They will have so much more respect for you if they know that it’s ‘you’ they are dealing with. However, it goes deeper as it’s also a way of saying, ‘hey, I’m not perfect either’. Let them see you make mistakes (oops, I’ve spelt that wrong!), let them know that you find things hard (I always struggled with learning tables too), so that they can begin to realise that they are actually allowed to be imperfect.

These are my top tips, but there are many others that could be in this list – what would you add?

Helen Woodley

Helen Woodley is a primary trained SENDCo currently working in a large KS1-4 Pupil Referral Unit in the North East of England. She spent 3 years studying Theology in Durham; Helen has worked in a wide variety of special school settings, including all age schools. She has a wealth of knowledge about SEN systems and the importance of every teacher being equipped to support the variety of SEN needs within their classroom. Helen has recently completed her thesis and completed her Ed.D at Newcastle University. Outside of teaching, she collects animals and has dreams of running a rescue centre!

6 thoughts on “10 Strategies for Social, Emotional and Mental Health Students

  • 14th March 2017 at 9:46 am
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    Solid yet again Helen. No surprise there!

    I would develop the new start theme a little into a deeper conversation on unconditional regard – sometimes mistaken for the wooly ‘poor kid’ mistake to which you allude. Unconditional regard is not about letting the little darlings get away with misdemeanours. Nor is it ‘turning a blind eye” – a technique which is really effective in the hands of a skilled practitioner when used in conjunction with the ‘catching the little buggers being good”. It’s all about positive reinforcement, consistency and, most of all, relationships. Building the positives until they are ready to self reflect without feeling completely useless as humans. Then they can learn to self regulate effectively.

    It’s also worth bearing in mind that many of these young people have experienced severe trauma at the hands of adults so why on earth should they trust us? Our role is to break that pattern in their belief system – the one which some children apply when relationships are developing in an attempt to scupper the ‘new (respectful) theory’ by way of destructive behaviours. That is to say, ‘it always goes wrong in the end so better to end it now by destroying rather than be let down and hurt again’. It’s also where restorative approaches are so powerful in splitting thinking from feelings so as to highlight that feelings are completely normal but we do not have to be driven by them through poor thinking.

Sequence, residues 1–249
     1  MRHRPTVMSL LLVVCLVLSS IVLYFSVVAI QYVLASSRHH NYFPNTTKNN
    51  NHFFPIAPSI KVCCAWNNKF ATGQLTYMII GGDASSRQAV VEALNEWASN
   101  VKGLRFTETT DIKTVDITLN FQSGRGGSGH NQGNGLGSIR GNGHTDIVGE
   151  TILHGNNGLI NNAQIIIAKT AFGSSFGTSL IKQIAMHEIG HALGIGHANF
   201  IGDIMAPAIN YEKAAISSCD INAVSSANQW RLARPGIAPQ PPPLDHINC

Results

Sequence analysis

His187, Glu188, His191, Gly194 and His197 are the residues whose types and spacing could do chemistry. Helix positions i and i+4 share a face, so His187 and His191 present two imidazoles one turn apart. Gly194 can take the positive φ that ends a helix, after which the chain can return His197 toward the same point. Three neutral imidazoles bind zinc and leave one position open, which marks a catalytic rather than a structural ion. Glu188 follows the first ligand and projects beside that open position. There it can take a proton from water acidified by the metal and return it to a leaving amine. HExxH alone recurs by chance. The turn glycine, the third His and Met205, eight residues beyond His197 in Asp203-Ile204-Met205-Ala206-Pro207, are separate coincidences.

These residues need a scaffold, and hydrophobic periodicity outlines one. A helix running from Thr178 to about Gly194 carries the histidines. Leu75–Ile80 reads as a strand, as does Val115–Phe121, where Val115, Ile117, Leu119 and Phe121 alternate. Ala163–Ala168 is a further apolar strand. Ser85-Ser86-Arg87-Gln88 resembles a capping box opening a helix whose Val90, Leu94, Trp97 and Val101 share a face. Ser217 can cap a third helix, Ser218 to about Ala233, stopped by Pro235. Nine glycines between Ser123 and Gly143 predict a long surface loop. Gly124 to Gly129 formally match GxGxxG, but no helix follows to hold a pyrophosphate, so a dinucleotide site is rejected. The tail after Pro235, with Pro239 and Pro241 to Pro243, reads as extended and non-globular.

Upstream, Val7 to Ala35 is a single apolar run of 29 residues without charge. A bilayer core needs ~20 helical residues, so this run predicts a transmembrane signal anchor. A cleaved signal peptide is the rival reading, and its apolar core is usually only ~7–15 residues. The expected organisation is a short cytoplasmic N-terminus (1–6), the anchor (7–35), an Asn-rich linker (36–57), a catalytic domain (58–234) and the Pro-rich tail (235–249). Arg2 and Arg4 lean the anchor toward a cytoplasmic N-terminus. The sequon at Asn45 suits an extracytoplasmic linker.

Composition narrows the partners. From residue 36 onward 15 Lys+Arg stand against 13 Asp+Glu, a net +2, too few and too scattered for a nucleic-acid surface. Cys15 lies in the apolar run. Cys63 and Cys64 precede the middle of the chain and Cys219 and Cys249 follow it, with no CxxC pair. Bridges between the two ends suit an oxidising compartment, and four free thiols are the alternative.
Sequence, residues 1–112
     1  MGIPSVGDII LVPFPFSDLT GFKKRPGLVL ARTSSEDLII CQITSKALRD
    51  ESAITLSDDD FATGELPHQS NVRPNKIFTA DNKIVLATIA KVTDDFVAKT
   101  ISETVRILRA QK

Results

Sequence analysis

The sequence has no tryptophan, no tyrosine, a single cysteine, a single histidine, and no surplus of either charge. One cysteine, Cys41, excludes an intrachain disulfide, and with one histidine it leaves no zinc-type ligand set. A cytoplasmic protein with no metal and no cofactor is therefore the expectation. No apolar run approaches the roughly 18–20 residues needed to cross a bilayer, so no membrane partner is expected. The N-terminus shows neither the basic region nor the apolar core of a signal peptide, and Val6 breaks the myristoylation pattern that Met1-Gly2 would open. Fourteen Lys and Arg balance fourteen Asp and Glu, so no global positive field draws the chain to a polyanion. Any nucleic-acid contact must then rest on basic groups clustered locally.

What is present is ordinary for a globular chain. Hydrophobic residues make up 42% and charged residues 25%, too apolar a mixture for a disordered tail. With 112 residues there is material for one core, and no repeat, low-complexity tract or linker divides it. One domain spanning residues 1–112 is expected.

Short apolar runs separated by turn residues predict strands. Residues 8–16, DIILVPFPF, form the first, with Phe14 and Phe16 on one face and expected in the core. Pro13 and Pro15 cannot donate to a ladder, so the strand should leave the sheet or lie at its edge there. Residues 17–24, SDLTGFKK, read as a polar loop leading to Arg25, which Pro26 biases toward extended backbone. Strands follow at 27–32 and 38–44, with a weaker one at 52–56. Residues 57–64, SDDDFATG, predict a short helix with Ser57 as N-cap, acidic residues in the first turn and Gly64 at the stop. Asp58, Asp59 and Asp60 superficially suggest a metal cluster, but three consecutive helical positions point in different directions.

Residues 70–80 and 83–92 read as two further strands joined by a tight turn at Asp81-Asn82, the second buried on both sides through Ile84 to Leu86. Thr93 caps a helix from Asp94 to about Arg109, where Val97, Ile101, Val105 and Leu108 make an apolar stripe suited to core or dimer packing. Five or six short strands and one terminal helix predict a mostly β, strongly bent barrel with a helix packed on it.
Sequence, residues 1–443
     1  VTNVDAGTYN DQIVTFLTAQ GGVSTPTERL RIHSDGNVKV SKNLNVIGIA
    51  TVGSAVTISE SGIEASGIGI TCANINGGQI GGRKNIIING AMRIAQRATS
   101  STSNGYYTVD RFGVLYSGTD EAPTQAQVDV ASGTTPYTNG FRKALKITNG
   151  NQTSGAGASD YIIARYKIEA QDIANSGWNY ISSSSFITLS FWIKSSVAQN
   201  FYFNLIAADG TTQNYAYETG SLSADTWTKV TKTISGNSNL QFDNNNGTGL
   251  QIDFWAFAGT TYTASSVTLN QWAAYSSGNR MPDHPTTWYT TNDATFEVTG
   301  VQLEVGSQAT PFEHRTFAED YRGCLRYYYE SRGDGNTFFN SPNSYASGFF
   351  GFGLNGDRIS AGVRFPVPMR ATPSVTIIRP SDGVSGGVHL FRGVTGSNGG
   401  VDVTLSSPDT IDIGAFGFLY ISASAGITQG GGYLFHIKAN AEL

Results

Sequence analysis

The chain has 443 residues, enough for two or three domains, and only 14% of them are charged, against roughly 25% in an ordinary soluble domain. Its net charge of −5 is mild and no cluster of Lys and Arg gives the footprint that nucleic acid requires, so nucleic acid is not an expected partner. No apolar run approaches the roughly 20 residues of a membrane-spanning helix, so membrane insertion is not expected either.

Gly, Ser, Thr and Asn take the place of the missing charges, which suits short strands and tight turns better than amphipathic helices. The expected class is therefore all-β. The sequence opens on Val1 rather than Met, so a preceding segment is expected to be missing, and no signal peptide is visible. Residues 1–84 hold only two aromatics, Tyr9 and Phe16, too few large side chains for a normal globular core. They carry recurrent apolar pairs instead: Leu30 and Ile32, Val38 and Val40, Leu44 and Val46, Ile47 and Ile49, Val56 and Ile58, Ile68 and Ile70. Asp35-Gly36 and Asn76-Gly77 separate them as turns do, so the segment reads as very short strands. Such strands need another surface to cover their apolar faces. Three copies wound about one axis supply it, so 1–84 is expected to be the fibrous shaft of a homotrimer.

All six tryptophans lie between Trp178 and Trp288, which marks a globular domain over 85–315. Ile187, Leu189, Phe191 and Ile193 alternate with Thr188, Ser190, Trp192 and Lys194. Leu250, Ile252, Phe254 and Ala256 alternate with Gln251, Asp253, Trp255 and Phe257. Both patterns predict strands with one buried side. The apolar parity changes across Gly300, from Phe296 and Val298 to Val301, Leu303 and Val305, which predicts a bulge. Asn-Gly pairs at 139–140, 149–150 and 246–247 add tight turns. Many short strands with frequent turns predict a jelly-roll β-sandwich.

Unconditional regard says just that. Irrespective of what you do it’s who you are and what you could become that I am interested in – and always will be …. eventually, the vast majority succumb and start their journey back to their future unbound by the shackles of their troubled emotional disturbances.

    Great series Helen. Loving it!

    Reply
    • 14th March 2017 at 6:40 pm
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      Totally agree with this and I’d love to develop this further. It’s about being able to totally accept someone. Not easy but so many of these young people expect relationships to break down that they almost seek it so to be a self fulfilling prophecy.

      Hopefully you will keep reading!

      Reply
  • 3rd April 2017 at 8:30 am
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    Hi. Great approaches and really useful thanks. Last year we were fortunate and worked on a dfe grant funded project across five secondary schools to build students character. One of the strands was to improve students mental health and we worked with the http://www.llttf.com team.

    Their adapted CBT model has lots of useful tools for students to learn to help themselves – even helped me as a teacher! Would recommend it to anyone looking for a structured well resoursed toolkit.

    Reply
  • 13th October 2018 at 4:44 pm
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    I love the 10 strategies and will use these in my work with my team, to strengthen our approach and resilience.
    Thank you.

    Reply